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High-Tech & Obamacare

The US Supreme Court's recent decision backing the Affordable Care Act will certainly affect technology businesses in many ways. Whether you support Obamacare or not, business owners and investors need to be armed with the facts about the impact of the ACA, specifically the tax affects.

Specifically, ACA imposes a new 3.8 percent tax on capital gains starting in 2013. To be clear, that additional tax does only apply to individuals with incomes exceeding $200,000 or married couples exceeding $250,000. However, obviously the sale of most technology businesses will far exceed that threshold in the year that the business is sold.

The current capital gains rate is 15 percent, which was enacted as part of the George Bush tax cuts. Currently, the Bush tax cuts are set to expire at the end of this year, which would bring the capital gains rate back to 20 percent, plus the ACA charge. While the president seeks to keep the Bush tax cuts for those under the $200,000/$250,000 limit, again that limit would be exceeded in selling a typical technology business.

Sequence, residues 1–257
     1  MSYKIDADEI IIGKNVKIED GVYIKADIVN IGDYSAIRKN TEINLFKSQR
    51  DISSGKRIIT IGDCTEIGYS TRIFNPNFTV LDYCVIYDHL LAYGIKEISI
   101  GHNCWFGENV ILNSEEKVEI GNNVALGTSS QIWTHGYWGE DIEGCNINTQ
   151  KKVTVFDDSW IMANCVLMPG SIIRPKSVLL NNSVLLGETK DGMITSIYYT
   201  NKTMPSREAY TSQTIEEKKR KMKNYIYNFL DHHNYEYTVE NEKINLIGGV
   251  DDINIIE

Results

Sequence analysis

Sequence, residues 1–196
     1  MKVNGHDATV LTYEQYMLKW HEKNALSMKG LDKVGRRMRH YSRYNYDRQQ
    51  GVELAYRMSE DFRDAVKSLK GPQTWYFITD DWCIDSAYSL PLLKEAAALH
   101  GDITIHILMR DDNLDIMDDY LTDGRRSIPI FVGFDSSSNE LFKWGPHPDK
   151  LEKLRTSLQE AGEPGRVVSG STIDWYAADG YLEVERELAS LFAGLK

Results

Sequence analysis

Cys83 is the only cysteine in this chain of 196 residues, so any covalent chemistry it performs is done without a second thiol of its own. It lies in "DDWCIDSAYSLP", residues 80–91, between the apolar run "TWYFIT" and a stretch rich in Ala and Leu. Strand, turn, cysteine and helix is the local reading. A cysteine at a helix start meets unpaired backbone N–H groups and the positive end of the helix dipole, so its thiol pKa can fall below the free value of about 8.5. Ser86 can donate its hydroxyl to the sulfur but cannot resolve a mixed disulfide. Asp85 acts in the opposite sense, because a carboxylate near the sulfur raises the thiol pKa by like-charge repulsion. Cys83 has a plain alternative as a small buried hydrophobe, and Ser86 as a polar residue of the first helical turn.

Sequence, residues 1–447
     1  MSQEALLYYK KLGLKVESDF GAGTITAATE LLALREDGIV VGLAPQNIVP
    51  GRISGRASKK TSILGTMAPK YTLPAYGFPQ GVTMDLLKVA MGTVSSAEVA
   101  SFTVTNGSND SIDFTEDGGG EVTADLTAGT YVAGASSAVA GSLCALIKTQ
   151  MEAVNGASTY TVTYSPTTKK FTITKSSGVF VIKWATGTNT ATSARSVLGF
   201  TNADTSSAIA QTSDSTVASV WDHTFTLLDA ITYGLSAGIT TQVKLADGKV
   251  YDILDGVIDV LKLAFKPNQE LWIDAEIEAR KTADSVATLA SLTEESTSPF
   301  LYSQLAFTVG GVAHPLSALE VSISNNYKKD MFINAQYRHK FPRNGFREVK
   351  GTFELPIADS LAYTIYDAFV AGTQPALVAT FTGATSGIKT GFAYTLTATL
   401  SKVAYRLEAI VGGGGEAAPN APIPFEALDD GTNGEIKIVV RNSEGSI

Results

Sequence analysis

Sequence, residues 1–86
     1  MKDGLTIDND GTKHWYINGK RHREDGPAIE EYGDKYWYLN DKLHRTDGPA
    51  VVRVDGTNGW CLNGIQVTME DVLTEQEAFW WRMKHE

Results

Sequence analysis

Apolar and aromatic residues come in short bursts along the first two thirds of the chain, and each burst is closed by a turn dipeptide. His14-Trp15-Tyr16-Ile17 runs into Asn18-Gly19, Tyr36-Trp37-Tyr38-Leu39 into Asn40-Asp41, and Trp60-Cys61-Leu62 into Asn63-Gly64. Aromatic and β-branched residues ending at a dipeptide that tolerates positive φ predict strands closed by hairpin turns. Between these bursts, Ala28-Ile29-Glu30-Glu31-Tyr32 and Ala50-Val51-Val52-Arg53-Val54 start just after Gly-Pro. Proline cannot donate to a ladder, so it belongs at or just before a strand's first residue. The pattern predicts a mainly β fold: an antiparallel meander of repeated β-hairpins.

The likely scenario is that starting in 2013, capital gains for a typical technology business sale will rise to 23.8 percent, which is a 59 percent increase from 2012 levels. If for example, a business is sold in 2012 for $20 million and $10 million is capital gains, the tax due would be $1.5 million. If sold in 2013, that tax bill would be $2.38 million.

Again, the goal of this blog is not to debate the fairness of the tax increase, which can be discussed elsewhere. Business owners just need to understand the facts so that they can plan accordingly. There are many factors to consider when deciding on the time to exit a business, with tax implications only being one of them. An M&A advisor can help you understand exit options and the process for maximizing the value of your business, given your unique situation.

In addition, any business owner considering selling his or her firm should also consult a tax advisor and/or wealth advisor for more guidance on their specific situation.

14 comments on “High-Tech & Obamacare

  1. FLYINGSCOT
    July 26, 2012

    I wonder how this rate compares to other industrialized nations and whether things might change in this election year?

  2. Brent Lorenz
    July 26, 2012

    That is a great question. In short, a 24% personal capital gains rate is high relative to most of the rest of the world, although some countries like Denmark go as high as 45%. Many developed and developing nations actually have a 0% personal capital gains rate in order to encourage investment.